Home » Campbell reports sales decrease for US beverages in Q1
Campbell Soup Co., Camden, N.J., reported a 2 percent decline in sales to nearly $2.2 billion for the first quarter of fiscal-year 2014, which includes the three months ending Oct. 27. Organic sales decreased by 4 percent. These results were negatively impacted by inventory movements at U.S. retailers and program timing, weakness in core business trends, front-loaded marketing investments to support new products and build the Bolthouse Farms brand, and a voluntary recall of a range of Plum Organics pouch products, the company says.
Specifically, marketing and selling expenses increased 11 percent to $261 million. The increase was primarily driven by higher advertising to support new product launches, including Campbell’s Homestyle soups and Campbell’s dinner sauces, as well as the Bolthouse Farms brand.
Foodservice sales as well as sales of Bolthouse Farms beverages, salad dressings and carrot products increased 2 percent compared with the year-ago period, reaching $330 million. Volume and mix subtracted 2 percent, and an additional week of Bolthouse Farms sales added 4 percent, the company notes. Excluding the additional week of Bolthouse Farms sales, segment sales decreased 2 percent; however, Bolthouse Farms sales were comparable to a year ago as sales growth in premium refrigerated beverages and salad dressings were offset by declines in juice concentrates.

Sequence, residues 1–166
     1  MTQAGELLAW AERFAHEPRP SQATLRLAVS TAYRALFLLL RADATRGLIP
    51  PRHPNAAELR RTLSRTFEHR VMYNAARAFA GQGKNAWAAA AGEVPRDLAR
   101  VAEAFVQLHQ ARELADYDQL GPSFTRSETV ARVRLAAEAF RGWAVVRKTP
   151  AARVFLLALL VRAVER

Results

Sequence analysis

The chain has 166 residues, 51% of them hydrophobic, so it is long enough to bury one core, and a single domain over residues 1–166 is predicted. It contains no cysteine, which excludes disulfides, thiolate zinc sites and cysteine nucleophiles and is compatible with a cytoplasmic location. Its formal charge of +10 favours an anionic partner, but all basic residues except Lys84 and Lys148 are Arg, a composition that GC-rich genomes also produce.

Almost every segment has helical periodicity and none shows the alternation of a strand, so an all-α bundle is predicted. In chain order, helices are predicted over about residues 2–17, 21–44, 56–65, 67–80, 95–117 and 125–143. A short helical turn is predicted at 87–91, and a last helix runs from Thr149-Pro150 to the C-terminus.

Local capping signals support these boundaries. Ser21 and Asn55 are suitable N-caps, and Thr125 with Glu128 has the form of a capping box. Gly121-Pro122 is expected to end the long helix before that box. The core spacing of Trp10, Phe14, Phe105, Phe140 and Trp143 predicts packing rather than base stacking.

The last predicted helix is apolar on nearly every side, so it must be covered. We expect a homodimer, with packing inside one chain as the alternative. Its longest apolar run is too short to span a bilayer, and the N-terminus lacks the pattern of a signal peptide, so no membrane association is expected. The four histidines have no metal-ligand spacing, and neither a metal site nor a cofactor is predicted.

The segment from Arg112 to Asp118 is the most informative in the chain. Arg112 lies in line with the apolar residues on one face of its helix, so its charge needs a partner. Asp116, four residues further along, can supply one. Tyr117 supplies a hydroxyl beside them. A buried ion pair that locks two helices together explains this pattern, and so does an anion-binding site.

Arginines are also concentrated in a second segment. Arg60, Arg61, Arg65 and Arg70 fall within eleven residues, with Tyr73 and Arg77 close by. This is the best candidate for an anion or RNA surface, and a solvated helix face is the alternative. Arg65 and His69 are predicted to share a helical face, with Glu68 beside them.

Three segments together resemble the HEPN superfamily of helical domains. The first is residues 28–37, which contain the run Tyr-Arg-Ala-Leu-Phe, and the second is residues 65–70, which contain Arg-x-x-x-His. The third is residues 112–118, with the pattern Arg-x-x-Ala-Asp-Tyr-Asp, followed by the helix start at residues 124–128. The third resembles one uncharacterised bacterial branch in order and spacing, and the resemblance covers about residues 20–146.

Sales for U.S. beverages, including the entire V8 juice and juice drink portfolio as well as Cambell’s tomato juice, reached $173 million in the first quarter, marking an 8 percent decrease compared with the year-ago period. Volume and mix subtracted 9 percent; price and sales allowances subtracted 1 percent; and decreased promotional spending added 2 percent. The decrease in sales was primarily due to declines in V8 V-Fusion beverages. Sales of V8 vegetable juice and V8 Splash beverages also declined. Operating earnings for the quarter were $24 million compared with $30 million in the prior year. The decrease in operating earnings was primarily due to lower volumes, the company says.
“I’m disappointed in Campbell’s first-quarter performance,” said Denise Morrison, Campbell’s president and chief executive officer, in a statement. “We are confident in our plans to improve our performance in the remaining three quarters. Given our slow start to the year, we are lowering our fiscal 2014 guidance.”
In fiscal-year 2014, Campbell now expects continuing operations to grow sales by 4 to 5 percent, adjusted earnings before interest and taxes (EBIT) to grow by 4 to 6 percent, and adjusted earnings per share (EPS) to grow by 2 to 4 percent. Fiscal-year 2014 guidance includes the benefits of a 53rd week and acquisitions, the estimated impact of currency translation, and the impact of presenting revenue on a net basis in connection with the company’s new business plan to expand access to manufacturing and distribution capabilities in Mexico.
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